Mecha – A Primer

Okay, so I’m not really sure I’ve even talked much about what Mecha is.  Well, it’s time to change all of that.

So, what is Mecha?

Mecha is the game of anime-style Mecha combat and character development.   That might not sound like much and it’s not very salesy, but to me that definition says a whole bunch.  Let me break it down what it means.

Mecha is the game of anime-style Mecha combat and character development.

There are really three important pieces: “anime-style”, “Mecha combat”, and “character development”

Mecha has Anime Style

I think it’s important to point out that Mecha is completely unapologetically rooted in anime.  In fact, the seeds of this game were planted years ago the first time I ever saw Robotech and knew it was unlike anything I had ever seen before.

If you have not seen mecha anime before, it’s covers a wide range of different stories, the likes of which will be explored in other posts.  However, what “anime style” means in Mecha is:

  1. Mecha plays loose with physics.  Not only do character walk around in giant robots, but often times those robots teleport, do jump flips, and dodge incoming missiles.
  2. Mecha pilots are better than average.  No matter how inexperienced, mecha pilots are always exceptional ly talented.  The stars of the show are always in the top 1% of all pilots ever in the history of mecha-dom.  Because of this, pilots in Mecha aren’t bad at anything.  They may not be as good as others, but they’re not bad.
  3. Mecha have their place, but that place is usually window dressing.  The interesting part about mecha anime is that while a whole genre has built up around them, mecha anime is really about the men and women who pilot them and the world they try to affect.  To address this, Mecha has a tight scene structure which gives pilots the spotlight and then gives their mecha the spotlight.

Mecha has Mecha Combat

Mecha are machines of war.  Make no mistake about it.  Sure, some of them might mine or log or build, but they are tools of war and become dervishes of death with nothing more than a missile rack and an autocannon or two.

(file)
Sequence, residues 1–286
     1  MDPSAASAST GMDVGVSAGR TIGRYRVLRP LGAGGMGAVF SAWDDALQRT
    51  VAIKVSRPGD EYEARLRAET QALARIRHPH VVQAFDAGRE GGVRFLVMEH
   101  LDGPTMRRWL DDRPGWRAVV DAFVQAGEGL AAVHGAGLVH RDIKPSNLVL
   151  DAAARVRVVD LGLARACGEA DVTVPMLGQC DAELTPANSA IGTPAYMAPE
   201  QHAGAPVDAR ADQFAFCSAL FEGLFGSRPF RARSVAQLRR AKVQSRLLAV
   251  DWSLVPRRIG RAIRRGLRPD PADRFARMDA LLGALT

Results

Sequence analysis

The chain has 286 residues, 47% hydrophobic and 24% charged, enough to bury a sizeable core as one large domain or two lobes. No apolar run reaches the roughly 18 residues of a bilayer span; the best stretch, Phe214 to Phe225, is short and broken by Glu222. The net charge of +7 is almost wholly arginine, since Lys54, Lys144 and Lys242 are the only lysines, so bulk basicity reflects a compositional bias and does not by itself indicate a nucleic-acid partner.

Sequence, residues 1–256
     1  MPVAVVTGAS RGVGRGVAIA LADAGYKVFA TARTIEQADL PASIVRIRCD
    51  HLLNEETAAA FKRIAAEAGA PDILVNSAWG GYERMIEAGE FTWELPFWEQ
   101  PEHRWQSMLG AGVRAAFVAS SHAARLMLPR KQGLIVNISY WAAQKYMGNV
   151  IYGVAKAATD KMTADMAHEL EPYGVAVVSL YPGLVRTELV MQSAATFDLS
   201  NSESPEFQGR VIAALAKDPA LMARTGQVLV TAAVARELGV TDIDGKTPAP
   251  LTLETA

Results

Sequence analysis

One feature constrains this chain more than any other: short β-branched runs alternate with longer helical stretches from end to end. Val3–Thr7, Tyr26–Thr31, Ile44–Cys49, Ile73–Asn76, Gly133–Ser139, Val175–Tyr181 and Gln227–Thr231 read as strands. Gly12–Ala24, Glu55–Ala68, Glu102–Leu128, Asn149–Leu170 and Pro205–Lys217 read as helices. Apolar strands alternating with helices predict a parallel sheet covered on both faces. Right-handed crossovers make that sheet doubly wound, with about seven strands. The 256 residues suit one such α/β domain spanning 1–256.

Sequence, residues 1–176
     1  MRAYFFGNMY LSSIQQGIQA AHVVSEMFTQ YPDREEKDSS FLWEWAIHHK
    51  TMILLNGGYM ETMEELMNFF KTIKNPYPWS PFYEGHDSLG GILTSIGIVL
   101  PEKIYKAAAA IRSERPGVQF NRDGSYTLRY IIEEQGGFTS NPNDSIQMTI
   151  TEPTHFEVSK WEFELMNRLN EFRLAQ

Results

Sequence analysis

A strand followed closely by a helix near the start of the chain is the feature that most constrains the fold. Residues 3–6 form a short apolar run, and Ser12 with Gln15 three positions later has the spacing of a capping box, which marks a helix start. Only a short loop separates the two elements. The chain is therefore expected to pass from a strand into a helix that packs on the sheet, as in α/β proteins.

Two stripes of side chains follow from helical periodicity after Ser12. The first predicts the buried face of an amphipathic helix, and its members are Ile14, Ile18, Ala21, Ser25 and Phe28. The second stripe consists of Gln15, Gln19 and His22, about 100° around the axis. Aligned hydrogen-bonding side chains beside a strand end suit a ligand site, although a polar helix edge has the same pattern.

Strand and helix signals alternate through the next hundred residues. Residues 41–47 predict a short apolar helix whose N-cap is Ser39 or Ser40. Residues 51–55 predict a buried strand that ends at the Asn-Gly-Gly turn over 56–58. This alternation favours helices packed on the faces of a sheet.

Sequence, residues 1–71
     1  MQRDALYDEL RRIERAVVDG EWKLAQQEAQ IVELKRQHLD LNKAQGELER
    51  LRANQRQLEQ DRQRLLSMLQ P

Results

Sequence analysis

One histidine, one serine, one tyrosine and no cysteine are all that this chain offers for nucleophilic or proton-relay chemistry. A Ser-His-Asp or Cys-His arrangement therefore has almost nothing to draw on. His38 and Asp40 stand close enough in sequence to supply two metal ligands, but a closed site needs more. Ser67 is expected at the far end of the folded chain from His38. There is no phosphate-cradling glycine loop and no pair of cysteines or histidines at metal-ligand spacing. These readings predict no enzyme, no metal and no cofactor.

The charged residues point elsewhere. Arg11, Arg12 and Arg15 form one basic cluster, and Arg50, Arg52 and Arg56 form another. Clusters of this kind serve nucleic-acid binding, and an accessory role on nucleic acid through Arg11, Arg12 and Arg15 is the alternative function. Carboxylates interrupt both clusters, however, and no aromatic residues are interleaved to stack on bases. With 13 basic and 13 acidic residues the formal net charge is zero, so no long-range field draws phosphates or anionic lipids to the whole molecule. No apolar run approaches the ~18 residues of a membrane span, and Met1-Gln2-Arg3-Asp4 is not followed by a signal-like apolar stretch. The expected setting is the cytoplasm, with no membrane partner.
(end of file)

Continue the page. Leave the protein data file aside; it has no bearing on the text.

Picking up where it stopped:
Because mecha anime has combat, Mecha has combat.  Combat that has been tested and reworked for over two years until it is as fast paced and action packed as mecha anime is. 

Over the course of those two years, everything that was not found in the mecha anime genre was summarily removed from the combat system.  What remained was a system that still allows for tactical flexibility without a lot of excess baggage (like say ammunition tracking).  Again, this is mecha anime.  Reality is optional!

Mecha has Character Development 

When I started designing Mecha, what I wanted more than anything else was a game that mirrored the story arcs found in mecha anime.  Anime characters of all types are complex and change and grow over the course of a season.  I wanted characters in Mecha to grow and change and I have accomplished this through pilot Goals and Traits, which define what the pilot wants and who the pilot is.

One of my favorite mechanics in the game involves Traits.  Mecha have these things called Configurations, which allow them to do cool things on the battlefield like attack twice, turn invisible, etc.  However, when the player chooses a Configuraiton for her mecha, she then has to pick one of two Traits for her pilot.  For instance, if you take the Configuration Boomer (attack every target in a sector), you have to choose between Loud and Quiet as Traits. 

In other words, you can pick a Trait the resembles the Configuation (Loud) or it’s antithesis (Quiet.)   In the end, mecha and pilot affect each other far more than in most mecha games.

More Mecha To Come

So, like I said, this has just been a primer.  Over the next several weeks until the game is published, I’ll be continuing to write about the game.  I’ll go into greater detail about everything here, go into some examples how play works, and talk about the three settings that are going to be published with Mecha as well as some ideas for upcoming games.

Hope to see you back.

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~ by Chris Perrin on July 18, 2009.

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